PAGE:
Often referred to as the purple shamrock, this beautiful and curious plant actually has nothing to do with Ireland – it comes from Brazil! Oxalis triangularis has stunning triangular, three-lobed leaves – each lobe like a pair of butterfly wings — in vivid purple-maroon and shades of wine-red. In summer, the leaves are accompanied by numerous small, trumpet-shaped pinkish or white blooms. These are attractive in their own right, but it’s the leaves that are the real stars of the show. Incidentally, the foliage has a photonastic response — in other words, the leaves open up during the day and close again at night!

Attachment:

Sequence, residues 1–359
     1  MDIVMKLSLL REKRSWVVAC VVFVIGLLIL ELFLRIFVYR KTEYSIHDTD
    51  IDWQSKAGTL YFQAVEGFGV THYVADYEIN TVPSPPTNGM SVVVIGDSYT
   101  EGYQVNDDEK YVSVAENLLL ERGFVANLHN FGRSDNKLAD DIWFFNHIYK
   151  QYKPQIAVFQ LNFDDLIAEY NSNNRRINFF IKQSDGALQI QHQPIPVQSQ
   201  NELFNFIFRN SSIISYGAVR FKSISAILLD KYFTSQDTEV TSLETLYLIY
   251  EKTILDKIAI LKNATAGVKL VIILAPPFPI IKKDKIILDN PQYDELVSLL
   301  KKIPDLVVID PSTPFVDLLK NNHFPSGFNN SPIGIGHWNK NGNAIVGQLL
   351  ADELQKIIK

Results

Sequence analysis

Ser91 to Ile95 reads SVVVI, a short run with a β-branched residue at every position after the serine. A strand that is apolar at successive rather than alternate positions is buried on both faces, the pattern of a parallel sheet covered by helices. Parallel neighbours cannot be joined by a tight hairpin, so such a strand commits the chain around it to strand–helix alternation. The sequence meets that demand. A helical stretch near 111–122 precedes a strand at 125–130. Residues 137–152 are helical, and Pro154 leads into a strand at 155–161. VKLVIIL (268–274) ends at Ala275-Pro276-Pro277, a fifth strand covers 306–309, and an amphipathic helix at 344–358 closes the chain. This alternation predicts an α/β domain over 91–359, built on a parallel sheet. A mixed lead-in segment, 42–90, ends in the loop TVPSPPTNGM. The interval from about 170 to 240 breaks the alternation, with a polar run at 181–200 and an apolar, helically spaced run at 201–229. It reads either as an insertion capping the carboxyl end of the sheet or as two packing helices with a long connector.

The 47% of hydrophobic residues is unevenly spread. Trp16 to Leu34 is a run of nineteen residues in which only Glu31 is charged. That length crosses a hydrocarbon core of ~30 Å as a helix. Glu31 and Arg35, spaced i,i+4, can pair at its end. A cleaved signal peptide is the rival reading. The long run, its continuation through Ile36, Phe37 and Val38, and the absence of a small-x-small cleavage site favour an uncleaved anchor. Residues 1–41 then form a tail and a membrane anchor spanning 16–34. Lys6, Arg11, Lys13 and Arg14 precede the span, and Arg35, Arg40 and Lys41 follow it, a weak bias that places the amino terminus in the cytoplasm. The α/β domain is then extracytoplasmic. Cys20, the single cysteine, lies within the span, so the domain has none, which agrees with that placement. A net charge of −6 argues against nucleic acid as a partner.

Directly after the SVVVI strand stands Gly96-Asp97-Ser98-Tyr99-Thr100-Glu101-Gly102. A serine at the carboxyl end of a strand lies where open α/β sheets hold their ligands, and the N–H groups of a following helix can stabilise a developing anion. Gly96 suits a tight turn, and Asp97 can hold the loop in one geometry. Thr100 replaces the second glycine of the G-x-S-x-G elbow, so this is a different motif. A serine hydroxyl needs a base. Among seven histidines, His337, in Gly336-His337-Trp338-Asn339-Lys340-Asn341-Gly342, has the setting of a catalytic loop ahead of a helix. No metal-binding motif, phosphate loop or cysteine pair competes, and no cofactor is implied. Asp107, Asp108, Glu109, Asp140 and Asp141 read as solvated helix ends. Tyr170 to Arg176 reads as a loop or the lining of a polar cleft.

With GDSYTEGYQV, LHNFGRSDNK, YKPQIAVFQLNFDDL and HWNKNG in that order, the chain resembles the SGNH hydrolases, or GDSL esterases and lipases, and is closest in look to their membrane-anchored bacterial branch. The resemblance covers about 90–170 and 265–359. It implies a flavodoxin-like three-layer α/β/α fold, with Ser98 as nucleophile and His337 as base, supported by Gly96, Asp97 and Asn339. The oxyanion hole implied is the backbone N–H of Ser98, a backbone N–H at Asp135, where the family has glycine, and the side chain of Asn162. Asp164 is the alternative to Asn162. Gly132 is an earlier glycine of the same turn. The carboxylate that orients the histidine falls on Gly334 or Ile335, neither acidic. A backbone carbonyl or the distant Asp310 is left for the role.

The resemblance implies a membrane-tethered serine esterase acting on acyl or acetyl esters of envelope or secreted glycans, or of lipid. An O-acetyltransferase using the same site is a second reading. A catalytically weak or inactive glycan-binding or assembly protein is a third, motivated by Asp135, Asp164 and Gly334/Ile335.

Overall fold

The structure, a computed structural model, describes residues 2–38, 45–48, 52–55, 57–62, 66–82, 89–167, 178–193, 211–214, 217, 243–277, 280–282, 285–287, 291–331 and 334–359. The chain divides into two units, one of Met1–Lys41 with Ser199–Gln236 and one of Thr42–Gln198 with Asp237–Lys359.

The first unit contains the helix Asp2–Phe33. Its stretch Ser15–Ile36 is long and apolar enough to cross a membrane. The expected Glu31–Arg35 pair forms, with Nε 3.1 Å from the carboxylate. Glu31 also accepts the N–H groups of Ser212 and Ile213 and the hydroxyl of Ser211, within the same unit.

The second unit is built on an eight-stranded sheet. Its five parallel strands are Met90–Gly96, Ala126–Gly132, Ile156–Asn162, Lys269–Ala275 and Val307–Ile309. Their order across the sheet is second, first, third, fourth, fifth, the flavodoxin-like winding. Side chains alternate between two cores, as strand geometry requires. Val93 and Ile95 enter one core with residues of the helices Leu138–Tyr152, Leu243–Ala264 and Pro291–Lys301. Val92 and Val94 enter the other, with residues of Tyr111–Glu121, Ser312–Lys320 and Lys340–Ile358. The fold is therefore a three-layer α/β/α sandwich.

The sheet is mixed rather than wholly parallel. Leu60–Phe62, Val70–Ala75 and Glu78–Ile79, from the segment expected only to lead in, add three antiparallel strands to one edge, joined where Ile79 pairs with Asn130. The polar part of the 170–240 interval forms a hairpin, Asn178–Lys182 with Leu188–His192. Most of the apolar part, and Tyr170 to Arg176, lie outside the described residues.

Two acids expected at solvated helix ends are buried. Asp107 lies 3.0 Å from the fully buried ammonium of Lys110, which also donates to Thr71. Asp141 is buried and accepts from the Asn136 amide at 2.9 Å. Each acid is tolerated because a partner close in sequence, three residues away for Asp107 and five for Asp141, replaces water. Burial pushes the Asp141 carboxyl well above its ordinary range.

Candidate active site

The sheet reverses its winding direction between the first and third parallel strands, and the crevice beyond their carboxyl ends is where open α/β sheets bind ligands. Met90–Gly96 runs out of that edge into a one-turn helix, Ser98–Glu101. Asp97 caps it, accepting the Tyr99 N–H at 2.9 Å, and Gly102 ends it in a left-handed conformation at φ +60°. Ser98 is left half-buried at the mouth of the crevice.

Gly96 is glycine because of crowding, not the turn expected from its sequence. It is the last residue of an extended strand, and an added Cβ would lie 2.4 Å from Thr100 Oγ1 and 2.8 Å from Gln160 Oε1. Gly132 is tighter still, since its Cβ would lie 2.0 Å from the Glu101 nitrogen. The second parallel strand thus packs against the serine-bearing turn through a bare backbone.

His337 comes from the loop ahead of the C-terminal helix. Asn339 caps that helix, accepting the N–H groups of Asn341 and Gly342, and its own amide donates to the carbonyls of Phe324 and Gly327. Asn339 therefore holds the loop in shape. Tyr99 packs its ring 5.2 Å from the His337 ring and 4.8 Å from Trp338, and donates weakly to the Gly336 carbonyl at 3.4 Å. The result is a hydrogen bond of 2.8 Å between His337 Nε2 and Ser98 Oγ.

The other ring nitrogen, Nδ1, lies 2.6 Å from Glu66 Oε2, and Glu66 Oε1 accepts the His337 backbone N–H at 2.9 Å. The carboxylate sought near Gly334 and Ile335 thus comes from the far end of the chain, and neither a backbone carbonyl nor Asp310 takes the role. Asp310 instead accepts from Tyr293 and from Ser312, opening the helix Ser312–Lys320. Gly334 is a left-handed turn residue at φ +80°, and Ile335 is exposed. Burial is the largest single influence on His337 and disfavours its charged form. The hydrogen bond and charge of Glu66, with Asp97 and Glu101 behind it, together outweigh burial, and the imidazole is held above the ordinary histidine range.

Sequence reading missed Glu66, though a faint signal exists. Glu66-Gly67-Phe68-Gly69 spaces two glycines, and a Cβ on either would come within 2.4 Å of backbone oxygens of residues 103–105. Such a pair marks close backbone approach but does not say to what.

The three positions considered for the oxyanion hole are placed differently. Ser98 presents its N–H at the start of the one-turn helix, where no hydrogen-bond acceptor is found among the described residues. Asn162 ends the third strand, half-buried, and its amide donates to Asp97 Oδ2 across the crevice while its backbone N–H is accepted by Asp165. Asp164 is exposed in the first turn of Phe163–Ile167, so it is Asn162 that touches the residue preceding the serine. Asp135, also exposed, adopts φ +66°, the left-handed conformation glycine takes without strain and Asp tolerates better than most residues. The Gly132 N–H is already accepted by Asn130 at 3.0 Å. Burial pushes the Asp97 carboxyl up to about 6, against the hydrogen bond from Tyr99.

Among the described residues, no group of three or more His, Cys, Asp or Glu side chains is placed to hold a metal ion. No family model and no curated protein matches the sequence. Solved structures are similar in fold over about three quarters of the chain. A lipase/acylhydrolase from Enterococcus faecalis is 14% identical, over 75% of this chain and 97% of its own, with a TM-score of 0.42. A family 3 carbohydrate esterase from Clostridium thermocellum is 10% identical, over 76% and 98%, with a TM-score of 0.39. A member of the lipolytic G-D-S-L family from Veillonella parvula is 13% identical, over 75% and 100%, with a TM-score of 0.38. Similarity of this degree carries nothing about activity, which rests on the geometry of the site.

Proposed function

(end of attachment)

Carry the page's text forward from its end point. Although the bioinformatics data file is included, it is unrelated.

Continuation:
Oxalis triangularis subsp. papilionacea may be grown to plant outdoors in summer pots, or a position at the front of the border. It is, however, a frost-tender plant: it might survive outdoors over winter in warm, sheltered gardens, but expect to give it some winter protection. Luckily, it does adapt very well to indoor conditions, and it can survive and indeed thrive, for many years as a long-lived houseplant.